A Grade 7 learner from Funukukhanya Primary School at Tsakani, Ekhuruleni. Picture: Freddy Mavunda
A Grade 7 learner from Funukukhanya Primary School at Tsakani, Ekhuruleni. Picture: Freddy Mavunda

Last week we launched the results of the National Income Dynamics Study: Coronavirus Rapid Mobile Survey, which showed that 3-million people have lost their jobs as a result of the pandemic and the lockdown, two-thirds of them women. As we now contemplate whether to close schools again, we must acknowledge the associated costs — for families and especially women and children.

The government has the incredibly difficult task of balancing plague and famine. What our earlier results showed was that the costs of the lockdown and the pandemic have been felt mainly by the poor, the less educated, those in the informal sector, and especially women. Only 5% of the rich have lost their jobs, compared with 38% of the poor (where the poor are those earning R3,000 or less a month and the rich are those earning upwards of R24,000 a month).

The government is trying to be responsive to this and is aware of who is most affected by these lockdowns. President Cyril Ramaphosa’s latest speeches make that clear. As he said at the beginning of the month: “The issue of another hard lockdown is something we’re not considering now … the issue of losses of jobs is concerning to us … when we moved to the various other levels, including level 3, we were responding to trying to stem the job losses that could ensue from the hard lockdown.”

Yet we are about to do the exact same thing in schooling: a nationwide lockdown of all schools. The decision to close schools, like the decision to close the economy, should not be taken lightly. It is likely to have far-reaching consequences and would have incredibly high costs for women and children in particular. Of course there are costs to reopening schools, but there are also costs to closing them. The question is whether the benefits of opening schools outweigh the costs, and I believe they do. Let me explain.

First, you cannot reopen the economy without reopening schools. Working parents (including doctors and nurses) don’t have anywhere to put their kids while schools are closed but they are expected to go back to work. Researchers Andrew Kerr and Amy Thornton estimate there are about 4.5-million essential workers, about 650,000 of whom are health-care workers at the frontline of this pandemic. What are they meant to do with their children when they go to work?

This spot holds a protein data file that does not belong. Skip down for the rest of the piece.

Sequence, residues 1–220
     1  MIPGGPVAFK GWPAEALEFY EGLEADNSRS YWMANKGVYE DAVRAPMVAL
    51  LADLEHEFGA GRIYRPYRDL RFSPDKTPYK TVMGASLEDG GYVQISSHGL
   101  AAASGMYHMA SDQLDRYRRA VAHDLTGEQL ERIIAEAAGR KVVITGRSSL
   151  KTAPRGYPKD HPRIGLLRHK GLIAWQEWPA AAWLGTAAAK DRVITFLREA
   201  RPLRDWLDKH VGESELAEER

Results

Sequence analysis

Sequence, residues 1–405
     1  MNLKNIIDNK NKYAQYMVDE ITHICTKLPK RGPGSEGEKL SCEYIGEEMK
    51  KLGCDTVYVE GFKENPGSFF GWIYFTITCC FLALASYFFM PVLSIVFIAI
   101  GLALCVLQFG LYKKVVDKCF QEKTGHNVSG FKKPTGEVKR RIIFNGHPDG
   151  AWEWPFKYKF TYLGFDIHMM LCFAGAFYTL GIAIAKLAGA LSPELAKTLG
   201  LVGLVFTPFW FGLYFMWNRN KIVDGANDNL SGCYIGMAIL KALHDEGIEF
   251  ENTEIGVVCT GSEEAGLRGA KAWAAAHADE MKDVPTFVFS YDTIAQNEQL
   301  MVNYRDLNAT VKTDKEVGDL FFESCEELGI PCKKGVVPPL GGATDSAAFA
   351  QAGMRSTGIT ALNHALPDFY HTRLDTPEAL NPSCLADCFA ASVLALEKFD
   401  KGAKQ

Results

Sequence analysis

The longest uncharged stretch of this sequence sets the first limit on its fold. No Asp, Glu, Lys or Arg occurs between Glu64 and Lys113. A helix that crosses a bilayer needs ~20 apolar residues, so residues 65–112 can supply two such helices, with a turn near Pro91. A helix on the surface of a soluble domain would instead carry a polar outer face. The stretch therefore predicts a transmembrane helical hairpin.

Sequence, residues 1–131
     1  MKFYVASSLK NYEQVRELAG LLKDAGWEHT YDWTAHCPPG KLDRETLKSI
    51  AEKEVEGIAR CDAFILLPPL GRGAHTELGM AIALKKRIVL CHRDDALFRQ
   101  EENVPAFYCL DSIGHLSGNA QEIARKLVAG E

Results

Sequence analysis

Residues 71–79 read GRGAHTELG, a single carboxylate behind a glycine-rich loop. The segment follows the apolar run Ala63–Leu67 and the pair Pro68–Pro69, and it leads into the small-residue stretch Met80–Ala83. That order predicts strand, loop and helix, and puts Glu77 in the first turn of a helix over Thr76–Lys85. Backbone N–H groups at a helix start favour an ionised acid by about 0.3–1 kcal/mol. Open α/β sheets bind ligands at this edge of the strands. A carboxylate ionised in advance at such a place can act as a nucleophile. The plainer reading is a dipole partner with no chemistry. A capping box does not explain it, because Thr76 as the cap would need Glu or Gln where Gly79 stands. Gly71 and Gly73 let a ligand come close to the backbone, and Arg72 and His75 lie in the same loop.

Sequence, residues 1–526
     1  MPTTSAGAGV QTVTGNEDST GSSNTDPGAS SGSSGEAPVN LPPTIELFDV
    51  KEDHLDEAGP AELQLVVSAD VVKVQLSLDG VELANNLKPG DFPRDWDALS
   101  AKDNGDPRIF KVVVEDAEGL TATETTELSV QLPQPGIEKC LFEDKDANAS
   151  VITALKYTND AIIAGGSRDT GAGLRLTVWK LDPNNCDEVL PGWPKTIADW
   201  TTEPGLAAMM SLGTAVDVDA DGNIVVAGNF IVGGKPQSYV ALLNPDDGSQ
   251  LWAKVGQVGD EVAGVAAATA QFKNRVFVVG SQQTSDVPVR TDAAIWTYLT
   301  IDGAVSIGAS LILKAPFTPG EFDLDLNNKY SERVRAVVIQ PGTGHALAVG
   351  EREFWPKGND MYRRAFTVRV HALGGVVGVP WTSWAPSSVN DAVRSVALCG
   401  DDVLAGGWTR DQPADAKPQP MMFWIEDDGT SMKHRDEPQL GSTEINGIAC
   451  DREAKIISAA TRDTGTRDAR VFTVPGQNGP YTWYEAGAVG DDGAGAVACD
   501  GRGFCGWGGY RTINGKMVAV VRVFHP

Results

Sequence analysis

And we are no longer in the world where only essential workers are at work. Now that we are at level 3, there are literally millions of parents who have to go back to work but don’t know what to do with their children. Some might be able to arrange extended family care or neighbours to help, but we are talking about taking care of 12-million children who are normally at school from Monday to Friday. Child care and schooling is an essential component of our country’s economic infrastructure and an essential part of our pandemic response.

Second, there are now 9-million and one reasons children need to be at school. On July 17 judge Sulet Potterill ruled that basic education minister Angie Motshekga was in breach of her constitutional duty, having suspended the provision of free school meals to 9-million children who rely on them, and that this was “an extreme rights infringement”. Potterill went on to say: “A more undignified scenario than starvation of a child is unimaginable.”

If one considers the logistics of providing free meals to 9-million children, that is practically impossible if schools are closed.

Third, there is no evidence that schools lead to above-average Covid-19 infections among teachers or pupils. It is true that some teachers have been infected with Covid-19, but it’s also true that many teachers were infected even before schools were opened.

Teachers are more likely to get infected in their community than at school. Analysis of 709 Gauteng schools shows that Covid-19 infection rates are no higher among teachers than among similar people in the Gauteng population as a whole. Put differently, just because teachers get infected doesn’t mean they got it at school.

Further evidence comes from hospital admission data from the Western Cape during its Covid-19 surge and provides reassuring evidence. Opening schools had little impact on children getting infected with Covid-19 or getting admitted to hospitals.

The question should not be whether to close schools again, or whether to close the economy again — the costs are simply too high. The question should be how we implement and enforce a set of safety measures to ensure that any transmission is minimised in the workplace and at schools. All other government officials as well as those in the private sector have gone back to work and implemented social distancing, wearing masks and so on. But somehow teachers are different?

The evidence is showing that teachers are not at higher risk than others and yet they are being paid whether they work or not. By refusing to work they are risking the lives of children and undermining other parts of society that rely on schools at this critical time. The “nuclear” option of a hard lockdown or nationwide school closures will be devastating, especially for children and women.

By forcing parents to choose between going to work and taking care of their children, it will also weaken our ability to fight the pandemic. Limiting Covid-19 infections must be the top priority, but it cannot come “at any cost”. We must find another way.

*Dr Nic Spaull is a senior researcher in the research on socio-economic policy group at Stellenbosch University

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